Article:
- RunKeeper: Runkeeper turns your smartphone into a personal trainer and allows you to track jogs, runs, bike rides and more by using the GPS in your phone. It offers customizable training plans, goal tracking and voice coaching. It integrates with several other health and weight-loss apps, including Fitbit, Fitocracy and Lose It! as well as social networks including Facebook and Twitter. The app is available on Android and iOS.
- Mint: Mint is a personal finance app that allows you to monitor your bank, credit card, investment and loan accounts in one place. If you are looking to monitor your budgets and your spending habits, Mint will help you keep track of finances in a safe and secure way. You can set and track individual goals and track progress through easy-to-read graphs and charts. The app is available on Android and iOS.
- First National Banking: First National Bank’s Mobile Banking app recently launched and allows you access your accounts and experience a secure mobile banking experience. You are able to view all your First National Bank accounts in one easy glance – checking, savings, CD, credit card, home equity and mortgage loan accounts. You can also deposit checks without making a trip to the bank with our Mobile Check Deposit and pay your bills to vendors you have set up in your online banking account. Visit 1stnationalbank.com for more information.
- Cozi: Cozi is a free app that allows you to manage your family’s busy calendar. It enables to you to keep track of school schedules, meals, chores and more, all in one place. The app also automatically syncs with Microsoft Outlook, so each member of your family can import and sync their calendars, so it’s always up to date. The Cozi calendar can be accessed through the app or on the website, so your family can always be in the loop. The app is available on Android and iOS.
- Bump: Bump allows two users to quickly share photos, contacts, apps and links by tapping their mobile devices together. It works cross-platform between iOS and Android users and is a quick, easy way to share information with others. The app is available on Android and iOs.
Interview Tips to Land Your Dream Job - Fall 2013
One of the most important steps of advancing your career and finding a job you love is landing and successfully navigating an interview. The following tips will help you make a great first impression and prove you are the best for the job.
- Plan Ahead: Prepare for commonly asked job interview questions in advance of your interview and research the company and position you are interviewing for. Align your responses with your past experiences and the requirements of the job. Practice answering the questions with a friend to refine your answers and talking points.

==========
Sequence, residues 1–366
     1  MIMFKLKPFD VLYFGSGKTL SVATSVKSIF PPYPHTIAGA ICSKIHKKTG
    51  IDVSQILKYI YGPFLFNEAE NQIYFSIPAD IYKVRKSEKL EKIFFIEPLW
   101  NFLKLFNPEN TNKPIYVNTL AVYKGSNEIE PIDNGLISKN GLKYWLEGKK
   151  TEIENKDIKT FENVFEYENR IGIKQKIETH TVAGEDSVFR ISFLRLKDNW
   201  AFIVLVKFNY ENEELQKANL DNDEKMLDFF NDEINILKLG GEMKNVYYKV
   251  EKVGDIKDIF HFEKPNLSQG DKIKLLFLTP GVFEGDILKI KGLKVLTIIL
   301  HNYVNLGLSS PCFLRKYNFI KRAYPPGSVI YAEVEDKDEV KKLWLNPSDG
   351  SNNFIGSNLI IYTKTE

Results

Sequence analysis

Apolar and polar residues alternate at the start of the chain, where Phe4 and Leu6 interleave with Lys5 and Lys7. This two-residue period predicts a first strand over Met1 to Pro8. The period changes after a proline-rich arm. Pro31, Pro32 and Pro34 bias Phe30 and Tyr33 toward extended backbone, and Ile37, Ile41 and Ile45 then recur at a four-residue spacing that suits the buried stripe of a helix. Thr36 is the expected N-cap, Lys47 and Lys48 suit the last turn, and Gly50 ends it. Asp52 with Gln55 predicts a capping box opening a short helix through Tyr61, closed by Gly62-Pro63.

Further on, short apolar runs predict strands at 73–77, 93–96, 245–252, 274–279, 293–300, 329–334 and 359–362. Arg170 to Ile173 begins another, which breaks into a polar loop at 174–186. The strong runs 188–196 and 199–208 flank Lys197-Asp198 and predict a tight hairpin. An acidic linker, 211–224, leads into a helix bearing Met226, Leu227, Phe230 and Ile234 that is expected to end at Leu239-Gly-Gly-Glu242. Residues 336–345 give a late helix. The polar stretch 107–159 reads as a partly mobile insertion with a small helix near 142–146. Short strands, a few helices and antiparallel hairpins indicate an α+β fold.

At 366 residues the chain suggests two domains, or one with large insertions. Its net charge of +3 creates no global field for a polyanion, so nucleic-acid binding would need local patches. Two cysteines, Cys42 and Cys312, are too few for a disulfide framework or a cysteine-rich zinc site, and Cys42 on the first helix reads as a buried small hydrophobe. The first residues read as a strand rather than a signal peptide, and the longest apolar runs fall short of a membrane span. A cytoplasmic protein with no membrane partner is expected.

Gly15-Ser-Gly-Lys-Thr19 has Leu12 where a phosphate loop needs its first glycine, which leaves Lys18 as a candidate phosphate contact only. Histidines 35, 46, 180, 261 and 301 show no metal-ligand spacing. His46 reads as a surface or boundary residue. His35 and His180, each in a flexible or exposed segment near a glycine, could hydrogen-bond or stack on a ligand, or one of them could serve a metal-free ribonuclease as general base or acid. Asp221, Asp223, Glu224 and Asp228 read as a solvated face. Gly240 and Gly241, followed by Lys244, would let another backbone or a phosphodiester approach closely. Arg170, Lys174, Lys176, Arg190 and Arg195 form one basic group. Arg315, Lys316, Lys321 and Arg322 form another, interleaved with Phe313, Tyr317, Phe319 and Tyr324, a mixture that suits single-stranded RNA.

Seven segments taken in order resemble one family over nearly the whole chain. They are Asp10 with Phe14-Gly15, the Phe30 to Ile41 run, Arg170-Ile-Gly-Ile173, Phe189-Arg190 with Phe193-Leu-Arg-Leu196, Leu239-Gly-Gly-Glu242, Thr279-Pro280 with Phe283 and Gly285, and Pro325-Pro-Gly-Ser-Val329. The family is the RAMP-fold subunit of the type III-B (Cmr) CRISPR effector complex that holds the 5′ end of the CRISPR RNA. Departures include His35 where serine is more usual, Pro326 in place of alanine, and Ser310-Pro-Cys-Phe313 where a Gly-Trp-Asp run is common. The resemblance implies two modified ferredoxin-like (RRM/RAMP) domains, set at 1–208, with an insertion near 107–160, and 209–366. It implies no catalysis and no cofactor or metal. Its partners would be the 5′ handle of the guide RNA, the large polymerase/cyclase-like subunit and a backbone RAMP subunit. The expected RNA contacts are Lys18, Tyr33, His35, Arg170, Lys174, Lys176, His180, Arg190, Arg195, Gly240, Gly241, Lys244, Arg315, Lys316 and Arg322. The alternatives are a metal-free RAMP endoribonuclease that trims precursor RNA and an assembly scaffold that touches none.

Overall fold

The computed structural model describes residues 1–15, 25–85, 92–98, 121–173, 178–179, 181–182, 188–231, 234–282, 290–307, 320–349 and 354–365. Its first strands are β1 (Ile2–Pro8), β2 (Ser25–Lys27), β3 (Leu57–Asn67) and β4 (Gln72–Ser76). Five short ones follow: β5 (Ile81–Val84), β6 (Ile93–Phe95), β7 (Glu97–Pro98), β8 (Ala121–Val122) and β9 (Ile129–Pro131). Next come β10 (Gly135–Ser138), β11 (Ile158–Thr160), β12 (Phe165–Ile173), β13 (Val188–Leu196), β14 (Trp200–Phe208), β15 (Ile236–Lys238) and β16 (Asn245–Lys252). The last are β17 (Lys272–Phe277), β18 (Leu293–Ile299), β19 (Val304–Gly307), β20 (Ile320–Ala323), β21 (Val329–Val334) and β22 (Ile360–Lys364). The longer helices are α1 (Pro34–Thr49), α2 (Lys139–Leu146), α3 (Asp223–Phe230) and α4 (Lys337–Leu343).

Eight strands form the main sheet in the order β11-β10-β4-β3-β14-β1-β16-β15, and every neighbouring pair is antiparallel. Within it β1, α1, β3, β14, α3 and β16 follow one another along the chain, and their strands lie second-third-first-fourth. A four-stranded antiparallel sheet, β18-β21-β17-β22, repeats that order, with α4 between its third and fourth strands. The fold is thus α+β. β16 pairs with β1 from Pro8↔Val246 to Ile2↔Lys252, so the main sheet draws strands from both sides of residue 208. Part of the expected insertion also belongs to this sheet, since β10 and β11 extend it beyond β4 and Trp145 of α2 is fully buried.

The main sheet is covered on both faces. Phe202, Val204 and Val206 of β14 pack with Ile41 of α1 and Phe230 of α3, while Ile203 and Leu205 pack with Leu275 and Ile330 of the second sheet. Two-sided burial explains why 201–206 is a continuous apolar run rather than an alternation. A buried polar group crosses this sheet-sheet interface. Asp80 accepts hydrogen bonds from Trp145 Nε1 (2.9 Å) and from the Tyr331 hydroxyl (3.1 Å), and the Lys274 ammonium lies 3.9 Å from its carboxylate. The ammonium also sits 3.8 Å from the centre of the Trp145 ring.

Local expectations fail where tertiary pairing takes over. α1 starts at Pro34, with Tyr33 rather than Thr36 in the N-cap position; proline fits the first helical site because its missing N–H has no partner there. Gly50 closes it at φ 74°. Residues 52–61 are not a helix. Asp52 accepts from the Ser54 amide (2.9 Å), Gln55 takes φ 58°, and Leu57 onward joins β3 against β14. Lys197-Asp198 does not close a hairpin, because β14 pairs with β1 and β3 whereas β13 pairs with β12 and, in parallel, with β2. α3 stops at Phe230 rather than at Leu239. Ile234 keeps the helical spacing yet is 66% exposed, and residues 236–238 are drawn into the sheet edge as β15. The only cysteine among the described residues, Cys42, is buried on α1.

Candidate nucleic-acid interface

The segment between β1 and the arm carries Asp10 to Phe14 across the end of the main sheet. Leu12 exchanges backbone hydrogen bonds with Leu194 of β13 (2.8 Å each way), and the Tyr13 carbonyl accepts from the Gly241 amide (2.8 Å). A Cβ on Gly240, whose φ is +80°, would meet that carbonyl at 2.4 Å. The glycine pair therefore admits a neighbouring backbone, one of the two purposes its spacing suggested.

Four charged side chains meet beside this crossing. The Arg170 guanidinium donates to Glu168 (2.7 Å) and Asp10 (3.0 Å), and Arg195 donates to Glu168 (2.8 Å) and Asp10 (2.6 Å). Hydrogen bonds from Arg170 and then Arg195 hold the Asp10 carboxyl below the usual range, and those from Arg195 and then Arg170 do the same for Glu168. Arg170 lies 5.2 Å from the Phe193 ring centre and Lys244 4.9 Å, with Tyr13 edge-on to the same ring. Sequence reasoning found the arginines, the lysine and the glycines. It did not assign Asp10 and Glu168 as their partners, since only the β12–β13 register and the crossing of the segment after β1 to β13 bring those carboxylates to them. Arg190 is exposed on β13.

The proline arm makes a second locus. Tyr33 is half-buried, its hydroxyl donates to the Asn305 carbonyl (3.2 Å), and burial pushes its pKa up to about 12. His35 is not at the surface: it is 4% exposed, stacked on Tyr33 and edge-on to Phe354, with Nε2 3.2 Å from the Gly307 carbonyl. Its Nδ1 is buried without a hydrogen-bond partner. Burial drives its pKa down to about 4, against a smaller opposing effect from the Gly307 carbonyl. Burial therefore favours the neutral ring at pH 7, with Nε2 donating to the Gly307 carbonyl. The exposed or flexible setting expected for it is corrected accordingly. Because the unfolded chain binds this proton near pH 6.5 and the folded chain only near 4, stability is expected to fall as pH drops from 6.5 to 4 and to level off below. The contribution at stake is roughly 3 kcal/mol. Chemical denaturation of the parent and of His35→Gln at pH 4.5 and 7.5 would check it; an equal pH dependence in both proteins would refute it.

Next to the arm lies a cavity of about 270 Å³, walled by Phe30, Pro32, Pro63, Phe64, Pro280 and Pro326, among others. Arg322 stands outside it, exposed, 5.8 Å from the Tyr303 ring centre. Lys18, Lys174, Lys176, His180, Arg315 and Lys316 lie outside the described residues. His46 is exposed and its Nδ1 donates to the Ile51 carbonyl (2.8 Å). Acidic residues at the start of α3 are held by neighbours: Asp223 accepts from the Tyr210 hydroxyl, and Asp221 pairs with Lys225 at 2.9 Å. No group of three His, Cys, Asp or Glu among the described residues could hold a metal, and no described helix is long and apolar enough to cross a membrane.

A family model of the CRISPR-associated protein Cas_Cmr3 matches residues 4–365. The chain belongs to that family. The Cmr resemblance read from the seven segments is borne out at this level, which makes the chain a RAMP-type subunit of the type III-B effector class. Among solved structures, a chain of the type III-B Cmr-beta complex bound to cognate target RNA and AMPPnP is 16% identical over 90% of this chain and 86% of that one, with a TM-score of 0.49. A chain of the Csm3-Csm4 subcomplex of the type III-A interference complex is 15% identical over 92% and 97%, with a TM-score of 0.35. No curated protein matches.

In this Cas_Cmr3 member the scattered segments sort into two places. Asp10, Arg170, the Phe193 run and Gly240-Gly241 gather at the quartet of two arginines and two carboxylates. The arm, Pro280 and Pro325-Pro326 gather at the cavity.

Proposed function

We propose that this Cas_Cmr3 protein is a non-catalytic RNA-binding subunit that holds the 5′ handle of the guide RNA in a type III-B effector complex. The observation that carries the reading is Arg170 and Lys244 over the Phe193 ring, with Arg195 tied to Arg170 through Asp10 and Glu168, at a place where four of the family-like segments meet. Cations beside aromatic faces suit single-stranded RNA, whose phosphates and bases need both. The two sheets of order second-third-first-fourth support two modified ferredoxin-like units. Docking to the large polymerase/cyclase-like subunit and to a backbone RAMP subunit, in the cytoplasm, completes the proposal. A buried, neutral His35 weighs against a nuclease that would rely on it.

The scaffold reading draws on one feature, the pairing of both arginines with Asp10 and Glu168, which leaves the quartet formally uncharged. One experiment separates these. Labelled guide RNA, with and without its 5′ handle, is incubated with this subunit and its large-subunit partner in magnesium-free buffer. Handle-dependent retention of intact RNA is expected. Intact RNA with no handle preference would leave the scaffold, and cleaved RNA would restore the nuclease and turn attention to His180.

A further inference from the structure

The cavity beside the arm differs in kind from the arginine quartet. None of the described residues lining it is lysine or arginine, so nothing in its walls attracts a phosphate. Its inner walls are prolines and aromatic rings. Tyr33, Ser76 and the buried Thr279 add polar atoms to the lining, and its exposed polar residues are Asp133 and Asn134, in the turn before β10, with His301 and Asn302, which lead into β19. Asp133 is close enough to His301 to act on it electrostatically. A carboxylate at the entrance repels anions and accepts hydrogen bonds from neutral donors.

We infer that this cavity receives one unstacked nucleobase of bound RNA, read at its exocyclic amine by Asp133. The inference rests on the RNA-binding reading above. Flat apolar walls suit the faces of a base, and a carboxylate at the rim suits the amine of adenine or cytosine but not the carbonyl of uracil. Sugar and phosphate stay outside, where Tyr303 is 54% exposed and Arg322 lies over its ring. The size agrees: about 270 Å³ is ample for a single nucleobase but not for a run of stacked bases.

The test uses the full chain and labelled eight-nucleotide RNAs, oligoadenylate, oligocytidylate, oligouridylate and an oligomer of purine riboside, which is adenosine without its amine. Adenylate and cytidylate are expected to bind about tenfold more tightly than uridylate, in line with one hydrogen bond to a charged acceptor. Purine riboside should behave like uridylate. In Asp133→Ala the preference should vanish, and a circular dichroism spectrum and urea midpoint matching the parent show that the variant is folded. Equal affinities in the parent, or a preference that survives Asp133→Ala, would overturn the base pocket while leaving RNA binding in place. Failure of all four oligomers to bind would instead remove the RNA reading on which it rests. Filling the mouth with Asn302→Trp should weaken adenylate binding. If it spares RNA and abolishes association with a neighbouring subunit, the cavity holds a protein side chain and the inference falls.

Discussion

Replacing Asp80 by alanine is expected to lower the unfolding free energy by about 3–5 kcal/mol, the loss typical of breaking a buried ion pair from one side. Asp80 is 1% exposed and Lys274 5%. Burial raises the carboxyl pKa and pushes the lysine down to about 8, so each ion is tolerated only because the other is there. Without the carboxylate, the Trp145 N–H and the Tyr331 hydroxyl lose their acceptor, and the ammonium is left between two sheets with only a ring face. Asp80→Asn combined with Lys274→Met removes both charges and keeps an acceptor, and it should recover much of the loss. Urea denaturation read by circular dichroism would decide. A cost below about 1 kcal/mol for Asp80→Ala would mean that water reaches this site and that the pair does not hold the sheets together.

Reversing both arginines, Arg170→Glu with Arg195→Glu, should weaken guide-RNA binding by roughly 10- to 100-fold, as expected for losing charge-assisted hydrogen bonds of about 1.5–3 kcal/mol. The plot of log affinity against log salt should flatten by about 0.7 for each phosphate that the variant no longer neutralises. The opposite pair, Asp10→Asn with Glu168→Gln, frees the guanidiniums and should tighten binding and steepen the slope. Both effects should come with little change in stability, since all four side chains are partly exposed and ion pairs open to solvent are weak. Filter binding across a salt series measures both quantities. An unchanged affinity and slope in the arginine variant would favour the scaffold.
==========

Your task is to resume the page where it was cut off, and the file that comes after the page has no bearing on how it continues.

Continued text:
- Dress for Success: Appropriate interview attire will help you make a great first impression. Dress for the interview, not for the dress code of the organization. A professional and coordinated outfit will help you portray the image of the type of worker you will be.
- Be Aware of Body Language: During your interview, ensure that you sit up straight, maintain eye contact with the interviewer, and appear alert and interested in the conversation. Remaining energized and attentive throughout your interview will further showcase your interest in the job.
- Be Positive: Make positive statements about yourself and the opportunities you’ve had in the past. Avoid negative remarks regarding previous employers.
- Cite Concrete Examples: Stand out from other candidates by providing specific examples to any statements you make during the interview. For example, if the job requires teamwork, give a situational example where you succeeded in a team environment to make your skills more compelling.
- Avoid Certain Topics: During your first interview, you should avoid topics such as compensation, benefits or overtime. Your efforts should be focused on learning more about the position and the company, and sharing why you are the most qualified. The discussion surrounding compensation will happen later if the interviewer determines you are qualified for the job.
- Ask Questions: The questions you ask during an interview can further demonstrate your knowledge and interest in the company. Use the opportunity to ask questions to your advantage by asking about topics such as future career paths and training and development programs. Show your willingness to commit to a company and better yourself as an employee.
- Follow Up: Follow up with your interviewer within 24 hours with a thank you by either email or a hand-written thank you card. Use this opportunity to reiterate your interest and qualifications.